[13]   Middleton, B. (1999) Wetland Restoration, Flood Pulsing and Disturbance Dynamics. John Wiley & Sons, New York.

[14]   Hayasaka, D., Shimada, N., Kommo, H., Sudayama, H., Kawanishi, M., Uchida, T. and Goka, K. (2012) Floristic Variation of Beach Vegetation Caused by the 2011 Touhoku-Oki Tsunami in Northern Tohoku, Japan. Ecological Engineering, 44, 227-232.
https://doi.org/10.1016/j.ecoleng.2012.03.014

[15]   Prabakaran, N. and Paramasivam, B. (2014) Recovery Rate of Vegetation in the Tsunami Impacted Littoral Forest of Nicobar Islands, India. Forest Ecology and Management, 313, 243-253.
https://doi.org/10.1016/j.foreco.2013.11.023

[16]   Ikeda, Y., Araki, S., Muranaka, K. and Washitani, I. (1999) Possibility of Using Dredged Mud as Material for Vegetation Restoration. Japanese Journal of Conservation Ecology, 4, 21-31. (In Japanese)

[17]   Nakamoto, M., Sekioka, H., Shimoda, M. and Morimoto, Y. (2002) The Vegetation Management of Fallow Rice Paddies through Periodical Cultivation. Journal of the Japanese Institute of Landscape Architecture, 65, 585-590. (In Japanese)
https://doi.org/10.5632/jila.65.585

[18]   Kaneko, K. and Nakamura, T. (2011) Effects of the Inhibition of Weed Communities by Winter-Flooding. Agricultural Sciences, 2, 383-391.
https://doi.org/10.4236/as.2011.24050

[19]   Braun, B.J. (1964) Pflanzensoziologi. Grundzuge der Vegetationskunde. Springer-Verlag, Wien.

[20]   R Development Core Team R (2015) A Language and Environment for Statistical Computing. The R Foundation for Statistical Computing, Vienna, Austria.
http://www.r-project.org/

[21]   Cook, C.D.K. (1989) A Revision of the Genus Monochoria. In: Tan, K., Mill, R.R. and Elias, T.S., Eds., Plant Taxonomy, Phytogeography and Related Subjects, the Davis and Hedge Festschrift, Edinburgh University Press, Edinbrgh, 149-184.

[22]   Kadono, Y. (1994) Aquatic Plants of Japan. Bun-Ichi Sogo Shuppan, Tokyo. (In Japanese)

[23]   Kasahara, Y. (1951) Study on the Species and Geographical Distribution of Weed Plants. IV. Geographical Distribution and Frequency of Occurrence of Paddy Field Weed. Nogaku Kenkyu. Report of the ōhara Institute for Agricultural Research, 39, 143-154. (In Japanese)

[24]   Wang, G.X., Kusanagi, T. and Itoh, K. (1996) Environmental Factors Relating to Dormancy Breaking, Germination and Emergence of Seeds in Monochoria korsakowii Regel et Maack and M. vaginalis (Brum. F.) Kunth. Weed Research, 41, 247-254. (In Japanese)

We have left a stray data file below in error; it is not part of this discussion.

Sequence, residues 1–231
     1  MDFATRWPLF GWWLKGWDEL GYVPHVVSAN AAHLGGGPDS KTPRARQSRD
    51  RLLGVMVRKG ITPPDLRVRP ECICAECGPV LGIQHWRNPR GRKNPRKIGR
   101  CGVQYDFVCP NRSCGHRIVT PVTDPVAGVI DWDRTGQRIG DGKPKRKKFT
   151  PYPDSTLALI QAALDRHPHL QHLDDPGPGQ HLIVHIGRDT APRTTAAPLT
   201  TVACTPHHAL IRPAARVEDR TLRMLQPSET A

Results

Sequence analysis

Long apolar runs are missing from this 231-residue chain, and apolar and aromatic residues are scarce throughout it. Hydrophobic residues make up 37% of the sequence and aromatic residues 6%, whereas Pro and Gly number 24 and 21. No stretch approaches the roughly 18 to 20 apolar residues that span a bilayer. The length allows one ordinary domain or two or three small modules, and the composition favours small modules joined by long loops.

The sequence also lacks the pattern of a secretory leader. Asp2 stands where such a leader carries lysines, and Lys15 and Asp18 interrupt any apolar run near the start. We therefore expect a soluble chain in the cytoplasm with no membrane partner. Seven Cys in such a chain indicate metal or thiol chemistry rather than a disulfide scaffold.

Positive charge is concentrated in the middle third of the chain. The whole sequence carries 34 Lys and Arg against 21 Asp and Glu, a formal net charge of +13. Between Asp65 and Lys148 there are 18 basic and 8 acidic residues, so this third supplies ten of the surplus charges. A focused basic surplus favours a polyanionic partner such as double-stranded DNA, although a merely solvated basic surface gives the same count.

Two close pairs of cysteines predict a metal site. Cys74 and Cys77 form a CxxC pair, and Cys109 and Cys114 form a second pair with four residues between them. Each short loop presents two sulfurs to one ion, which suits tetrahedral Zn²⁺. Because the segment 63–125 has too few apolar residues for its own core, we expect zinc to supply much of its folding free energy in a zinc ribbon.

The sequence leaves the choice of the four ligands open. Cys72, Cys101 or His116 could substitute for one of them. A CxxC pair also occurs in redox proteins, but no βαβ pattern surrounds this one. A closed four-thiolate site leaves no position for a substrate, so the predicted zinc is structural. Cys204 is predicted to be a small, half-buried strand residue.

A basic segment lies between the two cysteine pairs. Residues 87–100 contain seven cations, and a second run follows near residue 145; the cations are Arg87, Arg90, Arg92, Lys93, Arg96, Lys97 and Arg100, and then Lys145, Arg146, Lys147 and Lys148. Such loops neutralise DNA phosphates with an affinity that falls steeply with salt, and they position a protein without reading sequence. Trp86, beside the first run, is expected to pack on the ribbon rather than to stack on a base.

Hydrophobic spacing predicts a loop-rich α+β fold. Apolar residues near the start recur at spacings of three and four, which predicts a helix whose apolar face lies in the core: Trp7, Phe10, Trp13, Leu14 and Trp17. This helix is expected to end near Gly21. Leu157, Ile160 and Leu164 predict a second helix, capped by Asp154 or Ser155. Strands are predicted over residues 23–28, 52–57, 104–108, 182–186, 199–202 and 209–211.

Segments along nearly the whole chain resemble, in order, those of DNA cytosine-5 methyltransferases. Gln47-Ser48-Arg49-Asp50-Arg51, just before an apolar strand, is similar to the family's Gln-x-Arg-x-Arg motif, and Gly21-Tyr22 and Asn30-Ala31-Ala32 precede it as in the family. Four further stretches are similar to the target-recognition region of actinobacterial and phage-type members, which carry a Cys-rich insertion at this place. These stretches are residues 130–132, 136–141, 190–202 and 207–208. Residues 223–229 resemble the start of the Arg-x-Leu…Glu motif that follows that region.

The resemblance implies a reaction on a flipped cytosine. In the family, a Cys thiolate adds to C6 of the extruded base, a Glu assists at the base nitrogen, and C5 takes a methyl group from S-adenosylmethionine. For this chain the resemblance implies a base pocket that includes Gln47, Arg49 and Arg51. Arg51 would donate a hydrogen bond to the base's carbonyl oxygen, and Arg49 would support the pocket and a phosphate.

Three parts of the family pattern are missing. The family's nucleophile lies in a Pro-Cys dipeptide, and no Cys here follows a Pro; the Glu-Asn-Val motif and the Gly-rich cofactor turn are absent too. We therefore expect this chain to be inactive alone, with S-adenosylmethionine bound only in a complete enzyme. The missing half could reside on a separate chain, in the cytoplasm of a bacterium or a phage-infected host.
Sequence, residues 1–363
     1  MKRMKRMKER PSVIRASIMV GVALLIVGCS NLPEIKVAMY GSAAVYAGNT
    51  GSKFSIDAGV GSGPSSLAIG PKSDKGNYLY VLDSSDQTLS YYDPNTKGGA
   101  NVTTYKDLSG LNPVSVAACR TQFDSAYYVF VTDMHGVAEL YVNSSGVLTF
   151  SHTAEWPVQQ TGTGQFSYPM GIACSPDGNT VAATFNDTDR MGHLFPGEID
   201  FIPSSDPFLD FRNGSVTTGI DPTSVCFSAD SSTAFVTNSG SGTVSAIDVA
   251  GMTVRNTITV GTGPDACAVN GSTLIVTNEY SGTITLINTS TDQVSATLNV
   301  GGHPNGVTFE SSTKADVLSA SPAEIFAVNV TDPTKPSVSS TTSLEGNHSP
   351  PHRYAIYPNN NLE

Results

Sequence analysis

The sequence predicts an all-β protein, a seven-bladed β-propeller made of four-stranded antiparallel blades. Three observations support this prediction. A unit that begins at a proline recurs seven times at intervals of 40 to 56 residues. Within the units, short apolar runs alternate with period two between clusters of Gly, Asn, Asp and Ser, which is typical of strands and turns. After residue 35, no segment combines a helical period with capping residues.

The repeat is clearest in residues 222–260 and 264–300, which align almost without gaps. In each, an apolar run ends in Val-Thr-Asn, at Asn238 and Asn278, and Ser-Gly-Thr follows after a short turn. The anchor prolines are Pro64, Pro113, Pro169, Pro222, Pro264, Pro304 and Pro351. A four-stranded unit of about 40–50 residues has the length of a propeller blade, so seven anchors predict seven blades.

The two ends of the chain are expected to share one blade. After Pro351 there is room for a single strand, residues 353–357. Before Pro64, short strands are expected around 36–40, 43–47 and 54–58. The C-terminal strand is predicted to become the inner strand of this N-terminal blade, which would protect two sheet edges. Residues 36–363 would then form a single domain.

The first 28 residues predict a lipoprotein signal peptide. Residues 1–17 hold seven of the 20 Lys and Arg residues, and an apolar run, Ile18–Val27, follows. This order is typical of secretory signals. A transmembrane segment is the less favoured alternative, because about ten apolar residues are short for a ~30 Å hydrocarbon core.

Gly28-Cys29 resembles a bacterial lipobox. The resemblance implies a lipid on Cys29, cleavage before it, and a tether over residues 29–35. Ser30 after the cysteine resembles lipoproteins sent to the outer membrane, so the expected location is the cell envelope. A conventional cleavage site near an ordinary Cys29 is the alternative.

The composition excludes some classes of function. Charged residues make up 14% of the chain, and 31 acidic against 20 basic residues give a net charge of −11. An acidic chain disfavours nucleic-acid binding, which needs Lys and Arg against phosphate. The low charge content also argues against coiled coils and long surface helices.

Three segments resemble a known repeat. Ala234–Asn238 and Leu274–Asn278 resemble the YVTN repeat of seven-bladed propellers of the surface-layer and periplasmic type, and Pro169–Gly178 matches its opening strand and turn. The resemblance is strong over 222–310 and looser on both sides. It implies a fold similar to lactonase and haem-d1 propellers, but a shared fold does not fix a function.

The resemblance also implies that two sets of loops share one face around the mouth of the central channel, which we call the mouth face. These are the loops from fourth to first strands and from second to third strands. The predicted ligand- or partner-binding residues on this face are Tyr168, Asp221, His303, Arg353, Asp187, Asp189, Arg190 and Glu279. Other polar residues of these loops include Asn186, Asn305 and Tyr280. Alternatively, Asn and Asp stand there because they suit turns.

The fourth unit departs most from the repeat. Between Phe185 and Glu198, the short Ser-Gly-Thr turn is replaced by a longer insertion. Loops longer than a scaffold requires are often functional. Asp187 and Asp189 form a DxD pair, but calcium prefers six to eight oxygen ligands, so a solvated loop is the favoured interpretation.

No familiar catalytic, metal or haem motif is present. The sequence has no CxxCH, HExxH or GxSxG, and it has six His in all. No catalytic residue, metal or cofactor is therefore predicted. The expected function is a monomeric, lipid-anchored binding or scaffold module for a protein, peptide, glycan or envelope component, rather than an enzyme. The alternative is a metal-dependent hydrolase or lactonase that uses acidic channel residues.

[25]   Kadono, Y. (1998) Diversity of the Flora of Naka-Ikemi, a Lowland Wetland in Tsuruga, Fukui Prefecture, and Significance of Its Conservation. Japanese Journal of Ecology, 48, 163-166. (In Japanese)

[26]   Wan, X.C., Wang, G.X. and Washitani, I. (2004) Seed Germination Responses of Monochoria korsakowii Regel et Maack, a Threatened Paddy Weed, to Temperature and Soil Moisture. Plant Species Biology, 19, 203-207.
https://doi.org/10.1111/j.1442-1984.2004.00116.x

[27]   Naito, K. and Hiramatsu, K. (2006) Occurrence of Monochoria korsakowii in Water Cource and the Environment of Its Habitats in Neyagawa City of Osaka Prefecture. Journal of Weed Research, 51, 91-94. (In Japanese)

[28]   Inagaki, H., Kuriyama, Y., Maejima, K. and Ishigami, K. (2007) Experiment on Conservation of Habitat of Red Data Plants, Monochoria korsakowii and Gratiola Japonica, Using a Swamp Bulldozer. Journal of the Japanese Society of Revegetation Technology, 33, 235-238. (In Japanese)

[29]   Sekioka, H., Shimoda, M., Nakamoto, M., Mizusawa, T. and Morimoto, Y. (2000) Vegetation Management of Abandoned Rice Fields for the Conservation of Water Plants and Wetland Plants. Journal of the Japanese Institute of Landscape Architecture, 63, 491-494. (In Japanese)
https://doi.org/10.5632/jila.63.491

[30]   Asami, K., Nakao, M., Akamatsu, H. and Tamura, K. (2001) A Case Study of Vegetation Management of Abandoned Rice Fields for the Conservation of Water and Wetland Wililife. Journal of the Japanese Institute of Landscape Architecture, 64, 571-576. (In Japanese)
https://doi.org/10.5632/jila.64.571

[31]   Mineta, T., Ishida, K. and Hirose, Y. (2006) Monitoring of Environmental Properties Associated with Maintenance of Small Irrigation Ponds for Conservation of Endangered Submerged Plants, a Case of Ponds in Nakatado Region, Kagawa Prefecture. Technical Report of the National Research Institute of Agricultural Engineering, 204, 43-52. (In Japanese)

[32]   Casanova, M.T. and Brock, M.A. (1990) Charophte Germination and Establishment from the Seed Bank of an Australian Temporary Lake. Aquatic Botany, 36, 247-254.
https://doi.org/10.1016/0304-3770(90)90038-M

[33]   Van Den Berg, M.S., Scheffer, M., Van Nes, E. and Coops, H. (1990) Dynamics and Stability of Chara sp. and Potamogeton pectinatus in a Shallow Lake Changing in Eutrophication Level. Hydrobiologia, 408, 335-342.
https://doi.org/10.1023/A:1017074211970

[34]   De Winton, M.D., Clayton, J.S. and Champion, P.D. (2000) Seedling Emergence from Seed Banks of 15 New Zealand Lakes with Contrasting Vegetation Histories. Aquatic Botany, 66, 181-194.
https://doi.org/10.1016/S0304-3770(99)00074-1

[35]   Araki, S., Ajima, M., Goto, A. and Washitani, I. (2002) Endangered Chalales Plants Regenerating from Long-Lasting Soil Oospore Banks. Japanese Journal of Conservation Ecology, 7, 33-37. (In Japanese)

[36]   Kasai, H. (1964) The Charophyta from the Lakes of Japan. Journal of Hattori Botanical Laboratory, 27, 215-314.

[37]   Ito, I. (2013) Ecological Adaptation of Paddy Field Weed and Increasing or Decreasing Weeds by Technological Innovation under Rice Cultivation. Agriculture and Horticulture, 88, 775-781. (In Japanese)

[38]   Itoh, K. and Watanabe, Y. (1983) Effect of Variation in the Water Level on the Growth and Formation of Progagules in Four Alismataceae Paddy Weeds. Weed Research, 28, 187-193. (In Japanese)

[39]   Mineta, T. (2018) How Do We Understand Plant Adaptation in Paddy Environment? Paddy Field Biodiversity and Its Conservation: Integrated Biodiversity Management (IBM). Journal of Japanese Scientists, 53, 188-193. (In Japanese)

 
 
Top